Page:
Tuesday, December 04, 2007
Taraf din Clejani, 1949-1952. Happy Chanukah!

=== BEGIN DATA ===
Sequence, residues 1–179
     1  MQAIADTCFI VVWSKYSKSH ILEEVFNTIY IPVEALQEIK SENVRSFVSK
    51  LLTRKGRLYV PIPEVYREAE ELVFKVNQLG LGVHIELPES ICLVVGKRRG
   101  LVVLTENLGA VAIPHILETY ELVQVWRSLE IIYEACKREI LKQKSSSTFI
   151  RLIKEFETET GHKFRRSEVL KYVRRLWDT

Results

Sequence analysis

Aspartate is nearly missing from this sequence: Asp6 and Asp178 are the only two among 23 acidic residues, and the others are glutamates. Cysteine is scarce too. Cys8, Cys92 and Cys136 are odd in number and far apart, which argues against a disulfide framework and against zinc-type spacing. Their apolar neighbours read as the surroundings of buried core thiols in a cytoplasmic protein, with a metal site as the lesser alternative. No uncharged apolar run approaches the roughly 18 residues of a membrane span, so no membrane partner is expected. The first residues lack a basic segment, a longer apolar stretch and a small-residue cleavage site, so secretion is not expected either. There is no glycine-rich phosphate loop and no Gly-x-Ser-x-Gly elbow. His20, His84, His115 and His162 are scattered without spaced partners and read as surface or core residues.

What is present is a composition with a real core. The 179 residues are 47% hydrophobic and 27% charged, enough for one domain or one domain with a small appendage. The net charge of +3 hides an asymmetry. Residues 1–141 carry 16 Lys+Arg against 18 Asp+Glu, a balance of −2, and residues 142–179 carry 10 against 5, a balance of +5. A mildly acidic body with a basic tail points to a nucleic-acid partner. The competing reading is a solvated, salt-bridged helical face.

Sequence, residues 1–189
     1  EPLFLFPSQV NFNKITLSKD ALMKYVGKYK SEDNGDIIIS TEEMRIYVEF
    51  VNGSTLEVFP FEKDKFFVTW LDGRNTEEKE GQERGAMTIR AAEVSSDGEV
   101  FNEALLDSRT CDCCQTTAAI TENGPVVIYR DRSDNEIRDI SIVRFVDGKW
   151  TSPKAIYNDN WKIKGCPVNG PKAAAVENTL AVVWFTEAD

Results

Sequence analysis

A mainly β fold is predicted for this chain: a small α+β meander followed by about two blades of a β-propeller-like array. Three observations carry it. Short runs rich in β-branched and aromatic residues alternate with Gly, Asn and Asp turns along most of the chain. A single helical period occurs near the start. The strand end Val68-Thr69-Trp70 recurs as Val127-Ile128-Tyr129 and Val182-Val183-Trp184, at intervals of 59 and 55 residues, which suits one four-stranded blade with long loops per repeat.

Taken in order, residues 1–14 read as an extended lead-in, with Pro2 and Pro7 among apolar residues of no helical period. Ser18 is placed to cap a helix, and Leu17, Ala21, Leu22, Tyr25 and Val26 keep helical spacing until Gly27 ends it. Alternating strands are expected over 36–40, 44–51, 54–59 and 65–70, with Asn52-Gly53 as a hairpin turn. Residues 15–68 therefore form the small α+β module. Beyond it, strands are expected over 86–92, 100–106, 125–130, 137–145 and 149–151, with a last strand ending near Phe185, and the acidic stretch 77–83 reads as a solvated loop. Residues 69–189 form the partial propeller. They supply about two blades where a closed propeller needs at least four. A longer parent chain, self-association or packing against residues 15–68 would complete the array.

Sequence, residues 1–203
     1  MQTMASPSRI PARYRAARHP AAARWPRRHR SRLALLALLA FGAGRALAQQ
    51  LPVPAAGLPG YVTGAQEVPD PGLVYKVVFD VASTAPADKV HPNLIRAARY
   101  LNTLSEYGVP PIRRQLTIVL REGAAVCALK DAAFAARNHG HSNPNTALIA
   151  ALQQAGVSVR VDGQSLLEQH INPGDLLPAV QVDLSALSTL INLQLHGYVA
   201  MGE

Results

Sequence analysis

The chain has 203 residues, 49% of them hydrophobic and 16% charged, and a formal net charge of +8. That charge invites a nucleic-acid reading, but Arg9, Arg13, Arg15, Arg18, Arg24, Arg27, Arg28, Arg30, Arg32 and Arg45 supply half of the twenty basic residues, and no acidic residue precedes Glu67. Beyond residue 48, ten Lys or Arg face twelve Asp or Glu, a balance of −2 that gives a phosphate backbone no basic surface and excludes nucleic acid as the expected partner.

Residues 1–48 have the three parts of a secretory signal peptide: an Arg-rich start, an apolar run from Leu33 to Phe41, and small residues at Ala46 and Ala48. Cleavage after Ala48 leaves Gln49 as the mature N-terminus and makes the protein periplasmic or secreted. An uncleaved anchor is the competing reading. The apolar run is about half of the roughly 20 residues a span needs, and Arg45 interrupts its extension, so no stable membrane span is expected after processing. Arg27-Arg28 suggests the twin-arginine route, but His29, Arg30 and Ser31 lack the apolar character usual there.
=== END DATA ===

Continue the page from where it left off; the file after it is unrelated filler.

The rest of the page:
It’s the first evening of Chanukah tonight, and we have a special little gift for all you fans of the festival of lights... classic early recordings of the Taraf din Clejani, the Romanian Lautar orchestra that would eventually become known as the Taraf de Haidouks... all for... free. The musicians of the village of Clejani, located about twenty kilometers west of Bucharest on the dusty Oltenian plains, are better known as the world music phenomenon called Taraf de Haidouks. I had heard the band from Clejani earlier on a French Ocora label CD. Speranta Radulescu began recording the Lautarii from Clejani in the early 1980s and, in 1986, she took the Swiss musicologist Laurent Aubert to Clejani, where they made a series of recordings with the late Nicolai “Culai” Neacsu and members of his family.Aubert released this work on the French label Ocora in 1988 as "Musique des Tsiganes de Valachie; les lăutari de Clejani" In their original formation, the bands tended to comprise about four or five members, which is about how many musicians could be supported on the money from a wedding gig in traditional context. Their western promoters felt that the band should be presented as a large scale spectacole, and so the Taraf de Haidouks was formed which included as many as 30 musicians on stage at a time. Fame abroad did not, however, translate into acceptance at home - as Garth Cartwright writes in this report, the Taraf were still looked down upon by the authorities inBucharest as "dirty Gypsies" even while their CDs sold millions abroad. It made for great stage shows, and imprinted the Oltenian lautar tradition on western audiences as a wild ride with multiple accordions, several cimbalom players, and dozens of fiddlers competing for the mike stands. French festival promoters like stage overkill, and Taraf de Haidouks were willing to provide it in spades. In a traditional context, however, the bands would have been much smaller, and to my tastes, it is in those line ups that one can really appreciate the old style lautar presentations of ballads and epic songs which would be sung after midnight by the friends of the groom. The musicians from Clejani were not some discovery made out of the blue in 1990, however. Clejani had been active playing in national folk festivals and stage performances as early as the 1940s in Romania. The existence of so many dynastic lautar families in Clejani is attributed to the days when Gypsies were slaves to noble Boyar estates in pre-independence Wallachia. Clejani, apparently, was attached to a larger Boyar sponsored monastery, providing work for many Rom Lautar families. A newspaper in Romania, the Jurnalul National, has been issuing a series of classic recordings of Romanian music over the last year as gift CD to subscribers. Unfortunately, this means that these are not current, commercially available recordings. We’ve already posted about their fantastic CD of Alexandru Cercel. Well, Happy Chanukah everybody! Here is the link to download a full CD of early field recordings of the Lautarii from Clejani, made between 1949 to 1952. (The link leads to a German based file sharing site, don’t worry, it is safe. Type in the pass code, wait a few minutes, and it’s all yours. How I got to that file is another, very Romanian story… ahhh, Romanians and the internet, a match made in Heaven!) If you can’t read Romanian, the Jurnalul offers a fine flash presentation of historic photos of the Clejani lautarii (click on the camera icon below the photo on this page. This is the sound I love. The small ensemble style really gives a sense of what the music of the outer marches of the Ottoman world sounded like when this music still functioned within a feudal society that provided for a professional caste of musicians. You can hear the more archaic Turkish/Ottoman influences on the repertoire, alongside Central European music for the new urban Elite of Romania. Although Klezmer music doesn't actually share much direct influence with the lautar traditions of southern Romania (as opposed to the lautar tradition in Moldavia, where the two musics do converge in a strong way) both Jews and Gypsies functioned as conveyors of Ottoman musical practice and theory into European music.This is Clejani without the glitz of the World Music spotlight. This is the good stuff.